First: Why should a rocket be kinematic?
You could create the rocket as a PxRigidDynamic actor, and set the gravity flag off and the
trigger flag ( of your shape ) on. Thus the rocket is non kinematic and you can move it
via addForce - to simulate a “starting” rocket - or something similiar which keep accelerating while
is flying. (if desired -> and if it moves “slowly” so CCD must not turned on )
With the trigger shape its easy to do specific things which should happen when the rocket hits
a player or the ground etc.
It also fires an event when it enter a shape or leave it. Just play with it.
The best part of all is that the trigger shape needs an deactivated PxSimulationFlag - thus
your PxController wont move up when he is hit. And other good feature: You dont have
to call continuously setKinematicTarget() - just add force once and you are are done.
You can also set a filter flag for the rocket - and filter this inside your filtershader - but
I prefer the way with the trigger shape.
There is another option for the undesired behavior. You could raise some flags, or
using your filtershader to get the kinematic objects and set other flags for it, if you dont want
to change to trigger shapes.
I dont want to explain how you should do this - you should think about which way do you want to use.
Example: Look at the submarine source, the mines (and the chains) using trigger shapes too.
As I said in other posts before, the part where you updating your physics is very important.
Which timestep do you use? Fixed, semi fixed, … ?
With a wrong timestep everything should work fine, but sometimes (often while you have frame drops)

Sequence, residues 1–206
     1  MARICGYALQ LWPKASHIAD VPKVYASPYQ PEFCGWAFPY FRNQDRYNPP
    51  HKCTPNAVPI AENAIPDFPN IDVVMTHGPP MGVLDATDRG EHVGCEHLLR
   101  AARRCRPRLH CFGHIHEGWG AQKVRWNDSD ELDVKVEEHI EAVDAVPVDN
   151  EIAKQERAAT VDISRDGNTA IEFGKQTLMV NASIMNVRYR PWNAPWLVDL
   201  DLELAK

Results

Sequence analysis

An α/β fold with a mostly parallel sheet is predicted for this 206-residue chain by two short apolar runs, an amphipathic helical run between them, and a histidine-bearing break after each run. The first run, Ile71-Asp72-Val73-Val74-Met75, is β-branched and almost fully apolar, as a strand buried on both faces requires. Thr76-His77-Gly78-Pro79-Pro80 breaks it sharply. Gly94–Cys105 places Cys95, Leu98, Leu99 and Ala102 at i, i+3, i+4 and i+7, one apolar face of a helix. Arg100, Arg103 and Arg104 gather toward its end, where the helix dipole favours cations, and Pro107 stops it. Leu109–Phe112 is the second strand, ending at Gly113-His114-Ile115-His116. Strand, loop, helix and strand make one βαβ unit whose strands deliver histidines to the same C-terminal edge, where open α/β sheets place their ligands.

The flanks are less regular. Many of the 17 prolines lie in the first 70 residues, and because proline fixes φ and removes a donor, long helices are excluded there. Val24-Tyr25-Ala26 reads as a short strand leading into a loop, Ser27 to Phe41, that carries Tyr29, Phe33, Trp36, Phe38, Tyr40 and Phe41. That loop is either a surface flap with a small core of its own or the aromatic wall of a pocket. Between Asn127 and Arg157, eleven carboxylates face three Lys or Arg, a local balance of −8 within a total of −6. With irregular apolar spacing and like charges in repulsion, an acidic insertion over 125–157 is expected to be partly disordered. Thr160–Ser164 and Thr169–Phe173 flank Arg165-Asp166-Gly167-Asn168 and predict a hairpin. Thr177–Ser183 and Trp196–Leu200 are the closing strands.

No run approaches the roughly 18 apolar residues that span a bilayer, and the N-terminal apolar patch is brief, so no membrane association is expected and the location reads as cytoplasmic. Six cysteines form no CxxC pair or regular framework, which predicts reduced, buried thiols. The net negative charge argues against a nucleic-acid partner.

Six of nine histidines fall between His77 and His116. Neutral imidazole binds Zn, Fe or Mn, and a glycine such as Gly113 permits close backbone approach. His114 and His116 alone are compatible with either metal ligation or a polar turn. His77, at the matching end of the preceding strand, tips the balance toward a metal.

you have undesired behaivor like falling throu the ground / no collisions with items (no callbacks…) etc.
onShapeHit are called only when you called PxController::move().
Thus its not a good way to implement “hit code” when a rocket hits you.
When you stand and you got hit by a rocket - and didnt call move(), nothing happens.
This is another reason to use trigger shapes :)
Oh there was another question.
Why should you use a PxController for your camera?
You could also use another way to handle it - a trigger shape, a raycast … etc.
But okay. You want to use a PxController.
-> So your problem here is that your PxShape which is hidden in your actor which is created
by the PxController interacts with other controller. If you want to use the PxController -
you could set the PxController a filterflag which stands for: “never collide with other than the ground”. After you did this, you are done.
Or you set the PxShape to be an trigger shape - (but I guess the PxController can move trou the ground with that flag)
Another way is to create a simple cube and raise the trigger flag. ( lighter for the solver + slightly better performance )
(After you get a collision of the ground, you cant move deeper to it (raycast) )
Or directly usage of raycasts.
Depends what do you want to use it has different benefits.
Maybe for you its the best way to set a special filter flag, explainted above.
( Very very few code (changes) to implement this behaviour, but maybe not the best choice.)
I like raycast or a trigger shape. <- But it depends what do you want to achieve.
Of course, there are other ways to reach the goal - with other improvements.
I hope I could helped you a little bit.